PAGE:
The Communicative Ethics Controversy

From Studies in Contemporary German Social Thought

The Communicative Ethics Controversy

Edited by Seyla Benhabib and Fred R. Dallmayr

With Thomas McCarthy




This timely reader in moral philosophy addresses a controversy that strongly affected recent European reflections on the relevance of ethics for theories of democratic institutions and democratic legitimacy. The debate centers around the idea of a communicative ethics as articulated by Jürgen Habermas and Karl-Otto Apel, and it is representative both of recent attempts to bridge the gap between Continental and Anglo-American philosophy and of the turn to language that has characterized much of recent philosophy.The Communicative Ethics Controversy illustrates philosophical dialogue in action, moving from theses to counterarguments to rejoinders. Theoretical statements by Habermas, Apel, and two of their leading students, Dietrich Böhler and Robert Alexy, are followed by a series of five arguments by their leading critics, who represent viewpoints ranging from Kantian idealism to Wittgensteinian ordinary-language theory. Fred Dallmayr's introduction and Seyla Benhabib's incisive conclusion place the debate in perspective, bringing it up to date and relating it to the Anglo-American context.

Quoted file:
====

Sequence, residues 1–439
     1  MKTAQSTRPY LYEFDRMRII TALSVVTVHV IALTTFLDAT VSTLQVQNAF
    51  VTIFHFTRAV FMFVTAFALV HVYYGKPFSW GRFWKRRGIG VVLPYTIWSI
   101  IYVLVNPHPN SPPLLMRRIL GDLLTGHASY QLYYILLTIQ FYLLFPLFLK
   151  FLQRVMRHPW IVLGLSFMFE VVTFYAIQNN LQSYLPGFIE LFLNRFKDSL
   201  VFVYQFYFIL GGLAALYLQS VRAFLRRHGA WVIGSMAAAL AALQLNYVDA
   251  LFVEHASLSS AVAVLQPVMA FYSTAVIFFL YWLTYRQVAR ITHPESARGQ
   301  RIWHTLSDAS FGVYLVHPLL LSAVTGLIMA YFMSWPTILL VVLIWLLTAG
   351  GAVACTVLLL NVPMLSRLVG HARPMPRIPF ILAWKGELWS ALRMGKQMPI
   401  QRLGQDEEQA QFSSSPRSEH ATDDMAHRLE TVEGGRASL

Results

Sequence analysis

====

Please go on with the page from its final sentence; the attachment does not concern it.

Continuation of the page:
ContributorsRobert Alexy, Karl-Otto Apel, Seyla Benhabib, Dietrich Bohler, Jurgen Habermas, Otfried Hoffe, Karl Heinz Ilting, Hermann Lubbe, Herbert Schnadelbach, Albrecht Wellmer


Out of Print ISBN: 9780262023054 390 pp. | 6 in x 9 in


$35.00 X ISBN: 9780262521529 390 pp. | 6 in x 9 in


Seyla Benhabib

Seyla Benhabib is Eugene Meyer Professor of Political Science and Philosophy at Yale University and author of The Claims of Culture: Equality and Diversity in the Global Era and other books.

Fred R. Dallmayr

Fred Dallmayr is Packey Dee Professor of Government at the University of Notre Dame.


Thomas McCarthy.